Freaks in Late Modernist American Culture: Nathanael West, Djuna Barnes, Tod Browning, and Carson McCullers

Freaks in Late Modernist American Culture: Nathanael West, Djuna Barnes, Tod Browning, and Carson McCullers

by Nancy M. Bombaci
     
 

ISBN-10: 0820478326

ISBN-13: 9780820478326

Pub. Date: 01/28/2006

Publisher: Peter Lang Publishing Inc.

Freaks in Late Modernist American Culture explores the emergence of what Nancy Bombaci terms «late modernist freakish aesthetics» - a creative fusion of «high» and «low» themes and forms in relation to distorted bodies. Literary and cinematic texts about «freaks» by Nathanael West, Djuna Barnes, Tod Browning,

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Overview

Freaks in Late Modernist American Culture explores the emergence of what Nancy Bombaci terms «late modernist freakish aesthetics» - a creative fusion of «high» and «low» themes and forms in relation to distorted bodies. Literary and cinematic texts about «freaks» by Nathanael West, Djuna Barnes, Tod Browning, and Carson McCullers subvert and reinvent modern progress narratives in order to challenge high modernist literary and social ideologies. These works are marked by an acceptance of the disteleology, anarchy, and degeneration that racist discourses of the late nineteenth and early twentieth centuries associated with racial and ethnic outsiders, particularly Jews. In a period of American culture beset with increasing pressures for social and political conformity and with the threat of fascism from Europe, these late modernist narratives about «freaks» defy oppressive norms and values as they search for an anarchic and transformational creativity.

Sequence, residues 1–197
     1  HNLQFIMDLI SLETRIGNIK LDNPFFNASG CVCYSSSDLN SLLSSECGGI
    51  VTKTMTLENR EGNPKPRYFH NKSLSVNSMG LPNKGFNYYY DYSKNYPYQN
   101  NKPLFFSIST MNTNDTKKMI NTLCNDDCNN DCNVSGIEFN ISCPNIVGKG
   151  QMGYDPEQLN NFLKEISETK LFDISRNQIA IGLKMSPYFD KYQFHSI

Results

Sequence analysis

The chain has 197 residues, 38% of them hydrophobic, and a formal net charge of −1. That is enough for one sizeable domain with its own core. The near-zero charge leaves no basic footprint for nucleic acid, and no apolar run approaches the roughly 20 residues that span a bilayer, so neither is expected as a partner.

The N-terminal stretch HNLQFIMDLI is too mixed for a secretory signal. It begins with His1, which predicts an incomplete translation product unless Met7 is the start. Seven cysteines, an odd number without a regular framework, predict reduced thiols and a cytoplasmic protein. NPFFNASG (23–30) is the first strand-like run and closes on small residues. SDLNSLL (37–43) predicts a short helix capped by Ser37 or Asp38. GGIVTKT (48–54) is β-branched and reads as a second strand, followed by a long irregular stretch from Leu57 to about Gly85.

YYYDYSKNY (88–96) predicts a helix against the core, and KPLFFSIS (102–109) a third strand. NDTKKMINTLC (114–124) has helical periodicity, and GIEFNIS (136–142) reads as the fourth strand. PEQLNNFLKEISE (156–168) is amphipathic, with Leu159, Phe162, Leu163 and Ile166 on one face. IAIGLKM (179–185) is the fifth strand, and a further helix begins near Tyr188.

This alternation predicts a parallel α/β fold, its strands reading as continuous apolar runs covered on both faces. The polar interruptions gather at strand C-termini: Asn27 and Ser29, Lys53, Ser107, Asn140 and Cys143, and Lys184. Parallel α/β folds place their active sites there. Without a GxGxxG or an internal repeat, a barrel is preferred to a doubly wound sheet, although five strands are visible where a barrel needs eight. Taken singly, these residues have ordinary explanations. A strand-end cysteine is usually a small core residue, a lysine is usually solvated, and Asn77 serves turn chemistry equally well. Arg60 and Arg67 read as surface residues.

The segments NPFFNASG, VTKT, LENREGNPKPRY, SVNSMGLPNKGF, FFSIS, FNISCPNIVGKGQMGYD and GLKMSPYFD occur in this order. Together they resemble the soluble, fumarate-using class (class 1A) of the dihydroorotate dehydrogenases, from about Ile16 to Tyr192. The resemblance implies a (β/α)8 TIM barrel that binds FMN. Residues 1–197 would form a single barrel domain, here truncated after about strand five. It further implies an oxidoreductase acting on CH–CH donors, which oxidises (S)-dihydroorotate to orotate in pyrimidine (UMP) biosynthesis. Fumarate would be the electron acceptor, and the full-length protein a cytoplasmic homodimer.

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Product Details

ISBN-13:
9780820478326
Publisher:
Peter Lang Publishing Inc.
Publication date:
01/28/2006
Pages:
175
Product dimensions:
6.30(w) x 9.06(h) x 0.02(d)

Table of Contents

Ch. 1Degeneration, anti-Semitism, and the enfreakment of modernism9
Ch. 2Nathanael West's Aspiring freakish Flaneurs25
Ch. 3"Well of course, I used to be absolutely gorgeous, dear" : the female interviewer as subject/object in Djuna Barnes's journalism49
Ch. 4Heredity, transvestism, and the limits of self-fashioning in Nightwood65
Ch. 5Horror, melodrama, and mutable masculine identity in Tod Browning's films81
Ch. 6"This thing I long for I know not what" : Carson McCullers and the melodrama of the domesticated freak109
Conclusion : deviance, defiance, and the problem of "weirdness"133

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